• Wow SeVIIn, great job. I actually had a loadtime section but I deleted it because I’m based half a world away from the majority of people who visit these three sites.

    Michael makes a good point though. I think blogsuki used to have this “notable posts of the week” thing but it’s all so subjective that he stopped doing it I guess.

    And Hung, I am Nagi and you are Hime.

  • @tj han

    I wish I had watched Mai-Hime or Mai-Otome so I could understand that reference… It’s from one of those anime, right?

    I’d actually like to add a blog of the week feature, but I dunno if everyone would erupt in jealousy or something. It’s always a risk when you decide to single one person out, whether it be for praise or otherwise.

  • I for one think it’d be a cool feature. One has to look at the features the service gives you through the eyes of a reader, not a blogger. I think Jason was on to something there. And as a reader, a weekly featured blog/post/whatever would be a great addition.

  • I very much prefer desktop aggregators over web-based ones. Getting an unintrusive on-screen notification everytime the string “Haruhi” is found just beats surfing 3 sites every half hour hands down.
    Even if I didn’t have my own selection of blogs, blog好き and the others have RSS feeds which nullify layout or usability concerns.

  • erdpilz is actually right, there are a lot of other ways as I mentioned to quickly see new entries. But it’s just not as fun.

    Hung: Yeah it’s from both Mai-hime and Otome. Your concerns are valid, as shown by Makenaidesu or something, one of the new blogs added to Blogsuki recently. He mentioned in a post how he felt pressured etc since he was added amidst the controversy and people took note and made unfair comparisons.

    erdpilz, there’s also inertia involved here. Why do you think Windows is still using a desktop interface? Because it resembles a real desktop. Likewise, switching frm a webpage that loads feeds to a live bookmark etc may be uncomfortable for some. Also, if the list of new entries is too long, you’ll still have to go to the site.

  • Okay, so I know this post is already a day old, and thus relegated to the sands of time, but I wanted to further address the “blog of the week” issue, as I really feel that it’s something worthwhile.

    I’d say that making a little “vote” button for the users would be a nifty option, so they can vote for posts that they found to be very interesting. Thus you could have something like the “top ten posts of the week” or something like that.

    Then you could also have a “webmaster’s choice” blog, which would be a blog that you found particularly interesting at that moment in time.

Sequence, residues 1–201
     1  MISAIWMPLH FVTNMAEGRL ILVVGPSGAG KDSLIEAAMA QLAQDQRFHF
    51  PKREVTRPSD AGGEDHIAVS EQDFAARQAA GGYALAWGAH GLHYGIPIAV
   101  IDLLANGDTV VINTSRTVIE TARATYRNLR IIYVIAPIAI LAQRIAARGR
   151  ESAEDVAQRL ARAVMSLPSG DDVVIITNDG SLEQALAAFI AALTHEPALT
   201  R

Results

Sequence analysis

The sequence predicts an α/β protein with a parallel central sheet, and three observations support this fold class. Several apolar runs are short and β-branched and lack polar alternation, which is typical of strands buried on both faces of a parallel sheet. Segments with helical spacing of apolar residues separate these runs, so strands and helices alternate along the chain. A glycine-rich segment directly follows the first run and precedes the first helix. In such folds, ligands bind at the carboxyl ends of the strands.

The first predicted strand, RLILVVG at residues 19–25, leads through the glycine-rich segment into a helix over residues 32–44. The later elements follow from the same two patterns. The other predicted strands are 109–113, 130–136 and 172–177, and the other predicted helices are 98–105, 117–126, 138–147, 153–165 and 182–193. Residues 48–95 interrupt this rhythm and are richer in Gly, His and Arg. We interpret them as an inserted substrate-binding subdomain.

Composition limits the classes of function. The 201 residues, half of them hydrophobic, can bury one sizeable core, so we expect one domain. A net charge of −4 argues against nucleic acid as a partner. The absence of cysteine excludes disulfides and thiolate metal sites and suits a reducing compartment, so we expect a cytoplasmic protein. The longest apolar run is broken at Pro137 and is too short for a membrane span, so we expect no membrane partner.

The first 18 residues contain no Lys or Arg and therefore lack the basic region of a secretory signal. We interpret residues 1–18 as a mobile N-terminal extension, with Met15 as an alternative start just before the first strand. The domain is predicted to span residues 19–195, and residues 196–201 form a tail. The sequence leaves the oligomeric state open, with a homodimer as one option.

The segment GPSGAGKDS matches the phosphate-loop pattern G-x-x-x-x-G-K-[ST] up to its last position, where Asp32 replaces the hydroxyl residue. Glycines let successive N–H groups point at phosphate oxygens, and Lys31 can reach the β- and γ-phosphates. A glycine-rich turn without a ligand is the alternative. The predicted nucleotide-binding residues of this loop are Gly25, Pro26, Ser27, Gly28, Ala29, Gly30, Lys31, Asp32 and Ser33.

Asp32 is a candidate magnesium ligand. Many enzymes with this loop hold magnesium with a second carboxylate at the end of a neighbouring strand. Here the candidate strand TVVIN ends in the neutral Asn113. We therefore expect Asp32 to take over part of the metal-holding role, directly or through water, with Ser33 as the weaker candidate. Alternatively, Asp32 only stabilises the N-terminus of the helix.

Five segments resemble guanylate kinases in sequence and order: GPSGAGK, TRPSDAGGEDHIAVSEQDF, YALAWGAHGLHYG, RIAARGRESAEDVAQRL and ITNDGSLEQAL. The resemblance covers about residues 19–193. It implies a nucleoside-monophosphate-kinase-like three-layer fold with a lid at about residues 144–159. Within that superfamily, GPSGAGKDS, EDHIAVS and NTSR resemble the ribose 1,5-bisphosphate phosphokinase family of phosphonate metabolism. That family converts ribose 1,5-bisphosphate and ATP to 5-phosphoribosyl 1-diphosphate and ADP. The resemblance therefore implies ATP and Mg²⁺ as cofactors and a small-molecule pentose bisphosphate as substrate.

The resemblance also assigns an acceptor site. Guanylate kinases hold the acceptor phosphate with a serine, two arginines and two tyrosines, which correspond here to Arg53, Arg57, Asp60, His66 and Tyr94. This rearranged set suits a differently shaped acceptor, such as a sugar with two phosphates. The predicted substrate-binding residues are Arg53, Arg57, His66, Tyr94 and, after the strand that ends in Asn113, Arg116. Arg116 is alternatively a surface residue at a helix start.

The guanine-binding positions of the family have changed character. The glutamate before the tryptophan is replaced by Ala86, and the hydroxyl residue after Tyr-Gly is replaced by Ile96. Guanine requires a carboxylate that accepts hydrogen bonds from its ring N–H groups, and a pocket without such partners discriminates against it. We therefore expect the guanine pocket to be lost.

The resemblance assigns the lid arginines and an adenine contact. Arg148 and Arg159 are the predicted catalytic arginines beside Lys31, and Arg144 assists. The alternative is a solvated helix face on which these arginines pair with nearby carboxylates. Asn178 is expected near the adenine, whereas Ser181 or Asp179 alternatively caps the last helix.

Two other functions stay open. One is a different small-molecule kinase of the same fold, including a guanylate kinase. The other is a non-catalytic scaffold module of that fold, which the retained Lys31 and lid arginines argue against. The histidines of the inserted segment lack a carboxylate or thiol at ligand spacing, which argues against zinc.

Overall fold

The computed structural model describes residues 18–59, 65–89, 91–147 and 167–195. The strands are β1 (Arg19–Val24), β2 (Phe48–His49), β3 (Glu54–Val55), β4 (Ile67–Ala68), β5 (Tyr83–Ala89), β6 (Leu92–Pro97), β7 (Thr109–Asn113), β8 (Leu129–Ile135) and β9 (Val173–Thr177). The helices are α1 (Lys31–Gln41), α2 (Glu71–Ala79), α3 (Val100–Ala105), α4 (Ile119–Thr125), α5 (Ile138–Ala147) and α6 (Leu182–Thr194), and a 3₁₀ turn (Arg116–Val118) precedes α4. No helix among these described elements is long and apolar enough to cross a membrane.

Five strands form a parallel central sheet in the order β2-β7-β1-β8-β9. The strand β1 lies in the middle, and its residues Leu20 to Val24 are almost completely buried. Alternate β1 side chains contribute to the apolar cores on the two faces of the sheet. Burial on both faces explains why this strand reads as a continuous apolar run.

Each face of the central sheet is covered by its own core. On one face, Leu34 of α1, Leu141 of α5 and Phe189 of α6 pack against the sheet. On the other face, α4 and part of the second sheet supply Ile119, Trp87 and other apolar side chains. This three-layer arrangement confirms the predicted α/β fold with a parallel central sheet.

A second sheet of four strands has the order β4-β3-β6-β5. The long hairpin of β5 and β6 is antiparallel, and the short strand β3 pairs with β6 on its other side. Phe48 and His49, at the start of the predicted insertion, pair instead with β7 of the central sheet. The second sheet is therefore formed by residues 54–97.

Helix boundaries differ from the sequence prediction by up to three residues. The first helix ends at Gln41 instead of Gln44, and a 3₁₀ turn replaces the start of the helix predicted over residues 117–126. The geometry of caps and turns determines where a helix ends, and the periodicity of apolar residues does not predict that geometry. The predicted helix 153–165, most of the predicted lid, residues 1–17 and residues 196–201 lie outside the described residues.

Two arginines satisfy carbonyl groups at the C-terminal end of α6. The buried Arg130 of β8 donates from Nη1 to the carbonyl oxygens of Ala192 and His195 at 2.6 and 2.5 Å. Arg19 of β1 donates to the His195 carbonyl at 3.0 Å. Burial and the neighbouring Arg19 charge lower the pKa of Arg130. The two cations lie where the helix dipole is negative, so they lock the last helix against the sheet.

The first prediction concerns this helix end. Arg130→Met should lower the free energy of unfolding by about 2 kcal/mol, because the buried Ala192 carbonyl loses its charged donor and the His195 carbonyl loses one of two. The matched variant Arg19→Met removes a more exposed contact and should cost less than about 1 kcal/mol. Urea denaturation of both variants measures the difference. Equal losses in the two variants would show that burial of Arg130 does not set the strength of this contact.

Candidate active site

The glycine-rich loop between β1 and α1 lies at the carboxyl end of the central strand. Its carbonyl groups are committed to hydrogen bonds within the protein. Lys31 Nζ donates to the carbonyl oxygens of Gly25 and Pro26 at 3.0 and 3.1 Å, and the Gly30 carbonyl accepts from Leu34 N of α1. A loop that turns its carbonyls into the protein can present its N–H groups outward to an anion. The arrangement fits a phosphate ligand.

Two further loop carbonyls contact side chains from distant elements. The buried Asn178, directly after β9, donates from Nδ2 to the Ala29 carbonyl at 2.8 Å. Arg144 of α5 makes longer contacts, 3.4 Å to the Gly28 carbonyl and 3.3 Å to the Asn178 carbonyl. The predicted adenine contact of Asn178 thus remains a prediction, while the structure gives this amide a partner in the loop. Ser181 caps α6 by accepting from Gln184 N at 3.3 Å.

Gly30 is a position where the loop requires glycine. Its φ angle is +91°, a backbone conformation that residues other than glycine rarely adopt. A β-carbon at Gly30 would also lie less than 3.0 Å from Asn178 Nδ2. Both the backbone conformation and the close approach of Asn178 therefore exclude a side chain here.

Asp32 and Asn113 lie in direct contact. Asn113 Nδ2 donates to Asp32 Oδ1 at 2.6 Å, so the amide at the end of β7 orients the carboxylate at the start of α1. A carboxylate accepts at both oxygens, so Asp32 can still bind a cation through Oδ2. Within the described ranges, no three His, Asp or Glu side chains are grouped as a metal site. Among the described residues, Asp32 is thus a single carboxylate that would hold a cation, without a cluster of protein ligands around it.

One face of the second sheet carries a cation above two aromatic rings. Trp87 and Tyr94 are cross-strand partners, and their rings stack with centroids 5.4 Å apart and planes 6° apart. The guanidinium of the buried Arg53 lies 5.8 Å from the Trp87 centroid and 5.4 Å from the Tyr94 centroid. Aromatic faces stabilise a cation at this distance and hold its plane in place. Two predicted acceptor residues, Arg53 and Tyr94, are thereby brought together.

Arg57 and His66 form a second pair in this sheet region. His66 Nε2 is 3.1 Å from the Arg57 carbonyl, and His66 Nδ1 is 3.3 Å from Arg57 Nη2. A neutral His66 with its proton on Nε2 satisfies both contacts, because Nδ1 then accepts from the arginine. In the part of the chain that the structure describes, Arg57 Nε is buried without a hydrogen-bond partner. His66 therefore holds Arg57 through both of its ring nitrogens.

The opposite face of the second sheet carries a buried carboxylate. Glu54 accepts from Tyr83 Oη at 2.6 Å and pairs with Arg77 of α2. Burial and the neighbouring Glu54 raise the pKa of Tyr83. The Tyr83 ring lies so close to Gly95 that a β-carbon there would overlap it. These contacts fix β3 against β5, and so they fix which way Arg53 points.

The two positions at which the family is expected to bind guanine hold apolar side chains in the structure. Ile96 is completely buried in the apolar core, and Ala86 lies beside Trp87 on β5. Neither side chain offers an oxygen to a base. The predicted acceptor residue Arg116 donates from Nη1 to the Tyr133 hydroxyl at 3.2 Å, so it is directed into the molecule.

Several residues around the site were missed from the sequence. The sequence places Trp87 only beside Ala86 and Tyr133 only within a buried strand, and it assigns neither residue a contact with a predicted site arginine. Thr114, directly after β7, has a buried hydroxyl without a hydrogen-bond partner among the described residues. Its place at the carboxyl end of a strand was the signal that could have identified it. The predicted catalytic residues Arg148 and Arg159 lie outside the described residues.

Another feature to add to make all of this nice, would be a “random blog spotlight,” where you have the site’s code randomly cycle through the blogs everyday and pull out a new one, stick its blog image, and description up on the site, and voila, instant exposure for that blog on that particular day.

    Implementing multiple ways for blogs to get to stand out should decrease the amount of frustration you’ll see if you only implemented a “blog of the week” (basically the same as the “webmaster’s choice”). By having a way to see what you like, what the readers like, and just a random blog, things will balance out and you’ll, for the most part, please everyone. Or at least, those are my thoughts on the issue.

  • >>erdpilz is actually right, there are a lot of other ways as I mentioned to quickly see new entries. But it’s just not as fun.

    It is less fun once you’ve got all three aggregators feeding your RSS with all blogs into the same feed folder in a single aggregation application on your computer. Often I see the same post come up four times in my aggregator (because I also subscribe to the blog’s feed just in case.)

  • Sorry I didn’t leave this comment sooner but had to have surgery Monday and not exactly been in great shape so I haven’t been online much. :(

    The Antenna’s not just a subdirectory, works just the same and in the future the directory will redirect to the subdomain as well.

  • HI MAestro4k!

    There’s barely any difference between the subdomain and the directory I think, the same amount of letters have to be typed.

    Get well soon!

    Michael’s suggestions are very good and it’ll be quite interesting. Everyone loves voting and polling anyway.

    Anyway I noticed this interesting fact. In any sort of discussion, after a while, neutral people will start jumping in and proudly announcing they sit on the fence and start reprimanding/laughing at those discussing the issue seriously. In fact, I did the exact same thing when Jason did his major rant on Haruhi being undeservedly “overrated”.

  • I just wanted to comment on the whole “desktop aggregator” thing.

    I use a desktop aggregator for feeds, but here is the operative idea that I use them for, and someone mentioned it before in this thread.

    I use the desktop aggregator for news that I DON’T want to comment on. Like, Joystiq, Kotaku, a few Japanese blogs, comics, and stuff like that.

    With the anime blogs, I am mostly in it for the conversation. That’s a large part of why I run my site in the first place. I mean, what is more fun than debating and analyzing and all that good stuff, and I think the aggregation sites really help by having you ALREADY sitting at a browser. It’s nice, damnit!

  • @tj_han what is a “live bookmark”? Why would a blogger restrict his feed to less entries than he posts between me fetching updates (every hour)?

    @lolikitsune when the duplicates started to annoy me I unsubscribed the aggregator feeds. My favorite blogs are in a folder so their posts are displayed in one list anyway. And if something important comes up on an otherwise boring (hence not subscribed) blog, I trust the others to link it.

    @Randall my desktop aggregator (NetNewsWire) has a browser built in. I can comment on a post and just leave it open in a tab (even between restarts) to wait for an answer.

  • Blogsuki is teh R.I.P. Sadness takes its toll. :(